Unusually large Brueghel the Younger painting—rediscovered in France—offered at Paris auction for €600,000


A rediscovered work by the Flemish painter Pieter Brueghel the Younger will be offered at auction on 28 March at Hôtel Drouot in Paris, with an estimate of €600,000 to €800,000. The canvas painting, which is dated to between 1615 and 1617, and depicts a village scene, was discovered during an inventory taken last October in the home of a family in France They have declined to reveal their identity or their exact location.

Pieter Brueghel is known for reproducing the works of his father, Pieter Brueghel the Elder. His copies of Winter Landscape with Skaters and Bird Trap (1565)—of which 10 signed and 4 dated—are a case in point. If the subject of The Village Lawyer was not borrowed from Brueghel the Elder, it may have been influenced by the French painter Nicolas Baullery. Either way, art historians interpret it as a satire of the Spanish Netherlands. The composition also has the alternative title of The Tithes Collector.

Speaking about the work’s consignors, the Drouot auctioneer Malo de Lussac says: “[The family] have been calling it ‘The Brueghel’ for over a century, because they were not sure of its authenticity”. De Lussac led the inventory check that took place in their home.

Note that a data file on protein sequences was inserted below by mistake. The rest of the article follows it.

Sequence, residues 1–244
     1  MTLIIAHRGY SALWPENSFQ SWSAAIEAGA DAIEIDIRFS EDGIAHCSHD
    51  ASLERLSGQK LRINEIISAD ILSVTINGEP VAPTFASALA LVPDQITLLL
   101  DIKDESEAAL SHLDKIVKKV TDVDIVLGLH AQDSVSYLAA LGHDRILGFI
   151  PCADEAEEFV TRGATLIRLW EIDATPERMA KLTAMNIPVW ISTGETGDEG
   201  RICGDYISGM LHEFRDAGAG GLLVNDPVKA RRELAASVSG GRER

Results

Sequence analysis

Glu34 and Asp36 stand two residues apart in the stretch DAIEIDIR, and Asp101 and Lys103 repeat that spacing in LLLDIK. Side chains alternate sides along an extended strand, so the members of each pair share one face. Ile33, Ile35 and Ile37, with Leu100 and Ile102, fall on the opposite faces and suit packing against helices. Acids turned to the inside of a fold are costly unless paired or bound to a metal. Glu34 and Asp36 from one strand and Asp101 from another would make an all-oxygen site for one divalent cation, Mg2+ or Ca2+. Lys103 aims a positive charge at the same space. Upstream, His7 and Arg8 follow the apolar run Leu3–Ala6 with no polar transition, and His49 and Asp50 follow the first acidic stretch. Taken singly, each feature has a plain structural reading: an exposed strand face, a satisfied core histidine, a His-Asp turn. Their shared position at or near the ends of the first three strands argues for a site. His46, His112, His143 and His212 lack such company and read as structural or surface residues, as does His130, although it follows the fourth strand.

Brueghel’s works measure on average between 21.6 to 29.5 inches high and 39.3 to 78.7 inches wide. This oil on canvas is notably larger, measuring at 44 inches high and 72.4 inches wide. “The discovery of such a format brings out many details—the dirt under some’s nails and the fear in the eyes of others. It is in great condition,” de Lussac says.

Another feature of the work which makes it atypical of Brueghel the Younger’s style is that was painted on canvas. “The matrix was particularly thick. We thought the work had been transferred from a panel,” de Lussac says. In November, it was taken to the Paris-based authenticators Cabinet Turquin in Paris, where both the founder Éric Turquin and the art expert Stéphane Pinta recognised Brueghel’s craftsmanship. Moreover, Drouot then sent the painting to Germany, where the Brueghel specialist Klaus Ertz subsequently confirmed the authentication in December.

There are around 20 signed versions of The Village Lawyer. Some are on canvas and some are on copper, including one at the German History Museum in Berlin. Others are on panels, such as those in the Royal Museum of Fine Arts in Antwerp and in Maastricht at the Bonnefantenmuseum. Only one, dated from 1617 and held in a private collection, shares the exact same dimensions as De Lussac’s find.

This composition has two variations. The newly discovered painting belongs to a first series started in 1615. After 1618, the braided ropes covering the back wall were replaced by a black sheet and the far-left character’s light-coloured shirt was turned red.


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